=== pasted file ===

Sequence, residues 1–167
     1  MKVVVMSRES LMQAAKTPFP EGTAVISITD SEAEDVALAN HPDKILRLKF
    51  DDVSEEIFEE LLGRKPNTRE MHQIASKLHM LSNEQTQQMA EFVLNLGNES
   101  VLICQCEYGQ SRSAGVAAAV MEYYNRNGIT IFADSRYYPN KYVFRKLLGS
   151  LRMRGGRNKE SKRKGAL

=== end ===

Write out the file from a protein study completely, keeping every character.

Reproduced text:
Sequence, residues 1–167
     1  MKVVVMSRES LMQAAKTPFP EGTAVISITD SEAEDVALAN HPDKILRLKF
    51  DDVSEEIFEE LLGRKPNTRE MHQIASKLHM LSNEQTQQMA EFVLNLGNES
   101  VLICQCEYGQ SRSAGVAAAV MEYYNRNGIT IFADSRYYPN KYVFRKLLGS
   151  LRMRGGRNKE SKRKGAL